cats

There are many reasons you’d want to keep stray cats away from your yard.

It is no secret to bird lovers that cats killing birds is one of the greatest threats to bird conservation. Feral cats, cat colonies, outdoor pets, stray cats, and neighborhood cats all kill thousands of birds every year.

Regardless of whether you are a bird lover or a homeowner who simply does not wish to have stray cats leaving droppings on the front lawn, there are many easy and practical techniques to discourage stray cats from invading your property and calling it their home.

Today, we’re going to discuss some humane and thoughtful methods of discouraging cats from making frequent visits to your yard. Check out the full guide below.

What Is a Community Cat?

A community cat, also known as a feral cat, is an unowned cat that lives outdoors. Similar to household cats, community cats belong to the domestic cat species. However, community cats are generally not socialized and are therefore not friendly to people. This makes them very difficult to adopt.

Cats living outside is nothing new. It was only until around the late 1940s that some cats began living exclusively indoors. What makes community cats different is that they can truly thrive in outdoor environments.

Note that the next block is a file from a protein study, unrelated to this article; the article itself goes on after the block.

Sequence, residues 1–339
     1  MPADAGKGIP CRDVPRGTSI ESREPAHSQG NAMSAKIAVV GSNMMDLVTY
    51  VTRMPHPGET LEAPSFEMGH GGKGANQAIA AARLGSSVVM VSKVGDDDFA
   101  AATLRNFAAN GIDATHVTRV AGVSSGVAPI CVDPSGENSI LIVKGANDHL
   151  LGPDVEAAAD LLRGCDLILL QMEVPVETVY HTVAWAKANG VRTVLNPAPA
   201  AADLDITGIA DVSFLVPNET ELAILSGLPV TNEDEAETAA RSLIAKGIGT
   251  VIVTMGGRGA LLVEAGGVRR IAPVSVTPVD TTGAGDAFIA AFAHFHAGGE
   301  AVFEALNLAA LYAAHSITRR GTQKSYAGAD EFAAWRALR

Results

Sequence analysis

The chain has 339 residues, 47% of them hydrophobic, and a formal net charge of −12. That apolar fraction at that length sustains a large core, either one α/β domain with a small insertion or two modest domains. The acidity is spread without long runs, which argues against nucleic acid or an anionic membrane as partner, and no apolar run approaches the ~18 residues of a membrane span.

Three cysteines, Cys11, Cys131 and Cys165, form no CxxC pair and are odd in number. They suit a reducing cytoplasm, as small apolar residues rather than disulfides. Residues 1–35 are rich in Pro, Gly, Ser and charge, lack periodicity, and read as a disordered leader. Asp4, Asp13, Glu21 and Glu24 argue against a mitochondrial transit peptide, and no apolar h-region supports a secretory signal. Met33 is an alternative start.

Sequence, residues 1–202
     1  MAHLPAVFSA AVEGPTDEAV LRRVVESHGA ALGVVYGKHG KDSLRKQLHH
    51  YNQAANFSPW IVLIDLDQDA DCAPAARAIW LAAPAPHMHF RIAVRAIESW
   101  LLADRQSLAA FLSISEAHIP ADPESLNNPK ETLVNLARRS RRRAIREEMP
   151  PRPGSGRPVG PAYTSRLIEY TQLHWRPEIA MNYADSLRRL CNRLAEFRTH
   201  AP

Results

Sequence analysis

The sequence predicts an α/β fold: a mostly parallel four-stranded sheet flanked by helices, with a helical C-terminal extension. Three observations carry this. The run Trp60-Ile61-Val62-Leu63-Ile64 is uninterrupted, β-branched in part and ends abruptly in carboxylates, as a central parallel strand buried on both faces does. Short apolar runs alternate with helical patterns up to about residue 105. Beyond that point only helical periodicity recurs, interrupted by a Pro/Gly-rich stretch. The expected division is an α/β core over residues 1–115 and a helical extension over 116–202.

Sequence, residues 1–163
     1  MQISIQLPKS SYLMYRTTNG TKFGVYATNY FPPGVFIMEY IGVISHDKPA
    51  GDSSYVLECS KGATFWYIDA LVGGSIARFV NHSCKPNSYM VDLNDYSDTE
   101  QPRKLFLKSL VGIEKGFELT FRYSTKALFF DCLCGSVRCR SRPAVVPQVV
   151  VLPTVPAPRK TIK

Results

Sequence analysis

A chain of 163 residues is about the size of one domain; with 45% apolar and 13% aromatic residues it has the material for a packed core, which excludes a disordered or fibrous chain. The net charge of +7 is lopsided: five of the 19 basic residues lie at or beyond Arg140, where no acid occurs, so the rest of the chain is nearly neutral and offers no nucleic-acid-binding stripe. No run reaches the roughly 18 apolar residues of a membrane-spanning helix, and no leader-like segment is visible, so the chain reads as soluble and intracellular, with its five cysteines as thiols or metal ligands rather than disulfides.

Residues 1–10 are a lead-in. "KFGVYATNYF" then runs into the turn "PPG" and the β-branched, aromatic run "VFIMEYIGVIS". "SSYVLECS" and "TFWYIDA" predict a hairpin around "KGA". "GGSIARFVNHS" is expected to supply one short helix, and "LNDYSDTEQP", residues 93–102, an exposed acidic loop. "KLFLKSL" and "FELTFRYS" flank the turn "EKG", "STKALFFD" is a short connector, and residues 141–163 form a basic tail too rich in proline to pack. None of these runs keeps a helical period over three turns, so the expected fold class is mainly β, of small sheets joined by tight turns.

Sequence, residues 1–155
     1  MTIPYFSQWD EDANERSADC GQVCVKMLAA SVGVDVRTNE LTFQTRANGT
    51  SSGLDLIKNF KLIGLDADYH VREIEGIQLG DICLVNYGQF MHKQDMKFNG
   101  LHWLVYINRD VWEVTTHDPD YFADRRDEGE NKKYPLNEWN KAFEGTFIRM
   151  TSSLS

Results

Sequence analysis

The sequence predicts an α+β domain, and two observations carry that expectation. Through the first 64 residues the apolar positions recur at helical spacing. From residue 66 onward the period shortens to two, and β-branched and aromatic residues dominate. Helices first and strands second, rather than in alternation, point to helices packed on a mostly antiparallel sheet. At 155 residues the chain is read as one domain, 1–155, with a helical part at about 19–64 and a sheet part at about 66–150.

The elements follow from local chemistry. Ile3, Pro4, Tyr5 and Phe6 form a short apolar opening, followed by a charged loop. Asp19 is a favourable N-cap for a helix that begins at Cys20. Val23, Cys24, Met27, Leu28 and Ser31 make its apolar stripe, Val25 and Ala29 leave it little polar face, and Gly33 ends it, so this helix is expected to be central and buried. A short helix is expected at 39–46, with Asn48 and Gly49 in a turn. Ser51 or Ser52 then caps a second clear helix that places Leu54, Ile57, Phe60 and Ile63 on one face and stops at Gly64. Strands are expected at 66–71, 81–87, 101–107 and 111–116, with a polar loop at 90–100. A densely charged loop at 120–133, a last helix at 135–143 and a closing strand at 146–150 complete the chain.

Why Are There Community Cats in My Neighborhood?

As mentioned earlier, community cats live outdoors. Like almost all other animals, community cats settle where food and shelter are readily available. Their instincts make it easy for them to locate these on their own.

Because community cats are unsocialized, they cannot live indoors with people. Community cats, therefore, should not be taken to animal shelters. Chances are, the stray cat that you’re thinking of bringing to an animal shelter will simply be killed.

There are more effective and humane ways of discouraging stray cats from stepping foot on your property.

Problems With Feral & Stray Cats

Stray cats not only kill birds and other wildlife but may also cause other problems when they get used to visiting the same yards. For example, your carefully cultivated flower beds can become litter boxes. Or maybe your garden shed will become the breeding ground for litters of unwanted cats.

Trees, fences, and other structures may serve as territorial markers for spraying males. If you have other pets on your property, stray cats may act aggressively towards them as a way of disputing territory. Also, wandering cats may even be carriers of diseases.

Read further on the next page.